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Of course we can make a difference.

There are millions of examples - look at how Judge Bathusrt Norman was brought to book for example.

It is profoundly defeatist to think otherwise.

Why is the Board of Deputies email list not being used to notify Deputies of anti-Israel events in their areas, for them to pass on to their constituents, for example?


Jonathan Hoffman

Thu, 07/14/2011 - 16:25

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Millis if you have nothing to contribute to this topic why not stop making a fool of yourself?


Joe Millis

Thu, 07/14/2011 - 16:26

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Macairt, British Jews are sitting back because they are not convinced that the BDS mob are anything other than a bunch of mouthy cranks. They don't buy into the scare mongering of the Israeli far right whom they perceive as no better than the BDS mob.


Joe Millis

Thu, 07/14/2011 - 16:29

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Bathurst Norman? He didn't get even a slap on the wrist. He's free to judge again. The only defeatism is those helping the one-stater mob with their paranoia and scare mongering.


Joe Millis

Thu, 07/14/2011 - 16:33

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Hoffman, why are you so scared to put your views to test of public opinion in the free Market of ideas? Why don't you seek to replace the leadership? People would have slot more respect for you if you sought to replace the money bags and the craven. What's holding you back? You could be the Isi Leibler of British Jews.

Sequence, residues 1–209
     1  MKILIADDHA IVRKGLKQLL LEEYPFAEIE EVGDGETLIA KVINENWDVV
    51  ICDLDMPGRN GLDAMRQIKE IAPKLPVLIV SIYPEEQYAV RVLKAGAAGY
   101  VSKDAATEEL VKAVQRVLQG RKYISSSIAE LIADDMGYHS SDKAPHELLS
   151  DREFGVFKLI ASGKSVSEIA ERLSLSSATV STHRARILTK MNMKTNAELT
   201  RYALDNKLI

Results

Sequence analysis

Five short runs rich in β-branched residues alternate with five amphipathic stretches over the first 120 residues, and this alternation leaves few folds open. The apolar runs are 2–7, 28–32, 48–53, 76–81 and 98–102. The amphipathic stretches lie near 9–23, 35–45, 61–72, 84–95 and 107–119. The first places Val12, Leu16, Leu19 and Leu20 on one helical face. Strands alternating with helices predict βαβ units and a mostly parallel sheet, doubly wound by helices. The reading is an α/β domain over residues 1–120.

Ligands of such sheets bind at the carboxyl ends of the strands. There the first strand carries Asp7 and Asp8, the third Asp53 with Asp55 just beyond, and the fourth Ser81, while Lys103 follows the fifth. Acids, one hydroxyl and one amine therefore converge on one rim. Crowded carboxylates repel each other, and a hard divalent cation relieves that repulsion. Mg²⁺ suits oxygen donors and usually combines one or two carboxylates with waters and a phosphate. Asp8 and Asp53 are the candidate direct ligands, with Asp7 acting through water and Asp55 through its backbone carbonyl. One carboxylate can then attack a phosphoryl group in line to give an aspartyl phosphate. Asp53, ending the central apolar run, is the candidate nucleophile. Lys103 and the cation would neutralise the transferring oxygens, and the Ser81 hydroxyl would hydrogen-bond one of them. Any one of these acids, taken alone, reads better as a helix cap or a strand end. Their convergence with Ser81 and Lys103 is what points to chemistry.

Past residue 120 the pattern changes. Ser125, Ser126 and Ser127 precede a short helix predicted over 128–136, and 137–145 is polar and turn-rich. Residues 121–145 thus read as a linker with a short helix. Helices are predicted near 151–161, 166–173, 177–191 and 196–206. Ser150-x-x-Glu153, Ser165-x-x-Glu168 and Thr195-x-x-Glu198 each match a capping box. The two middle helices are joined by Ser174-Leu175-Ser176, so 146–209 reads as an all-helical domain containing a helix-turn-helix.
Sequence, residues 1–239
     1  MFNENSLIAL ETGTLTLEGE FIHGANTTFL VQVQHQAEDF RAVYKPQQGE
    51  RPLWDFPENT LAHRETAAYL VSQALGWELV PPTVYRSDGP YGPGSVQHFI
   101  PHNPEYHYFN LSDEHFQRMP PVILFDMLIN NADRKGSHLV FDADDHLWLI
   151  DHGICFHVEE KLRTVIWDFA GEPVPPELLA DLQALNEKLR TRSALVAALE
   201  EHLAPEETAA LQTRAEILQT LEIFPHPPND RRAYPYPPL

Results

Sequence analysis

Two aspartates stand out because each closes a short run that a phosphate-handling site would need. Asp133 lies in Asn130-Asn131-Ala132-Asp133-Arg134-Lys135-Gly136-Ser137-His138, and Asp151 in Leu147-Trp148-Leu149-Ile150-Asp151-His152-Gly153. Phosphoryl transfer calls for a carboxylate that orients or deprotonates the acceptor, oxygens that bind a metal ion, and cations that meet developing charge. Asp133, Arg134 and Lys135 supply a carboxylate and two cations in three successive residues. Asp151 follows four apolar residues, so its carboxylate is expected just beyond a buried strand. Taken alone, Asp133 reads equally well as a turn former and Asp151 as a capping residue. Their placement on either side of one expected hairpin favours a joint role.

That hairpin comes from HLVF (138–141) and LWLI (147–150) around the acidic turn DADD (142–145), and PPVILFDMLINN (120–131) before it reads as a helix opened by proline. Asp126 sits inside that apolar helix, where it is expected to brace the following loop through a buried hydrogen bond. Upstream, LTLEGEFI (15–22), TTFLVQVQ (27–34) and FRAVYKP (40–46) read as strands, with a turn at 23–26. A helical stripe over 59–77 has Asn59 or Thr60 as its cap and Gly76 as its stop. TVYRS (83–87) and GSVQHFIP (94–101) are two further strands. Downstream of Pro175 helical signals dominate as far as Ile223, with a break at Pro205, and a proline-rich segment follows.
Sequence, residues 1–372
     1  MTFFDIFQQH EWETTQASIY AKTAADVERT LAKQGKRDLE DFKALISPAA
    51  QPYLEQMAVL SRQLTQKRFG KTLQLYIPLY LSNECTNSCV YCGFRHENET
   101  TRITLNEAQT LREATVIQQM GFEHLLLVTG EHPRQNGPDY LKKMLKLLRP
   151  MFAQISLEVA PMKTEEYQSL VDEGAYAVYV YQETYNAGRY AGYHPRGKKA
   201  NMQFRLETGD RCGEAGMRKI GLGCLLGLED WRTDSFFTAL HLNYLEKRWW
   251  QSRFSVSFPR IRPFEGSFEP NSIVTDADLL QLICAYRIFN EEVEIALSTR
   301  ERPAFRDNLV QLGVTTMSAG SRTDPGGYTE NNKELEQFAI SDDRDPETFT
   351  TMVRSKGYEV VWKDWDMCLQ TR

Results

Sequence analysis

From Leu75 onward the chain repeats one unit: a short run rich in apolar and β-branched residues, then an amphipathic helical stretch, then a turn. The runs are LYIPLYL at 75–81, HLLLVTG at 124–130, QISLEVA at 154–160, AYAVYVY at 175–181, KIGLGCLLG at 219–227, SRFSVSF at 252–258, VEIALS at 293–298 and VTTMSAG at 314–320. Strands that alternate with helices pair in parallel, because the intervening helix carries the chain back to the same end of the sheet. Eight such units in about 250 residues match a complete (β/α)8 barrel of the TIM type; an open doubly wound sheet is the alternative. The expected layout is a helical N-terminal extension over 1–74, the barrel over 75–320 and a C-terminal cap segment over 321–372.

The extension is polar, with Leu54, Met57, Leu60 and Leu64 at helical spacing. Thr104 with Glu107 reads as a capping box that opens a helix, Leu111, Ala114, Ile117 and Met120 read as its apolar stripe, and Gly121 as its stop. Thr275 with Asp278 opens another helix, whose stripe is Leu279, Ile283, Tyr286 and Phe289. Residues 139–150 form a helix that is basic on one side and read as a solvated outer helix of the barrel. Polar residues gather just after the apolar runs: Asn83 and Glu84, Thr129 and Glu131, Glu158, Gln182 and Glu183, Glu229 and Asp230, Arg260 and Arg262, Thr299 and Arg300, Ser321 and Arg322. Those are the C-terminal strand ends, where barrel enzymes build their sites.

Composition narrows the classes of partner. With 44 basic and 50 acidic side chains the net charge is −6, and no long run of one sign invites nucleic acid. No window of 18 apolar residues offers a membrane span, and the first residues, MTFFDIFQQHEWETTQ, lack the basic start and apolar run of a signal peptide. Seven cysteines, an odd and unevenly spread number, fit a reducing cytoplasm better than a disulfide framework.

Watchful Iris (not verified)

Thu, 07/14/2011 - 16:46

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What self respecting Jew wants to stand along side this?:

http://www.youtube.com/watch?v=SBH6XONDpes&feature=player_embedded

Talk about rude.....


Mary in Brighton

Thu, 07/14/2011 - 16:59

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Jonathan, would you like to explain to the people who might not know, what the Judge was " brought to book " for and what this "bringing to book" consisted in?

I would do it but I am sure you would make a much better job of it.

The judge was last seen sun bathing himself on his terrace
at his retirement house in Rottingdean looking very pleased with life indeed.


Jonathan Hoffman

Thu, 07/14/2011 - 17:06

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I also blame UJS who often discourage counter-action. About two years ago we did a demo of support for Danny Ayalon in Lincolns Inn Fields (and a counter demo to Fink and Co) and Ben Grabiner sent members of the LSE Israel Society a text discouraging them from joining us, calling us "right wing".

What Isi Liebler calls the "trembling Israelite establishment" in the UK is shameful - but there are some including me who intend to do all we can to change it.


Jonathan Hoffman

Thu, 07/14/2011 - 17:07

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Mary you can google as well as me

I am not your Research Assistant


Mary in Brighton

Thu, 07/14/2011 - 17:19

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But Jonathan I don't have to google it, I know. I take it you have forgotten and are left with just a hazy impression that he was " brought to book " ?


Jonathan Hoffman

Thu, 07/14/2011 - 17:22

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http://www.thejc.com/blogpost/bathurst-norman-censured-political-bias-ed...

Disgraced and will never preside over another trial involving Israel.....


Mary in Brighton

Thu, 07/14/2011 - 17:31

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Jonathan, I am a dope but even my less accomplished sister can do better research than that.


Watchful Iris (not verified)

Thu, 07/14/2011 - 17:33

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Yes, but can she reference her own blogs?


JoyWol

Fri, 07/15/2011 - 07:53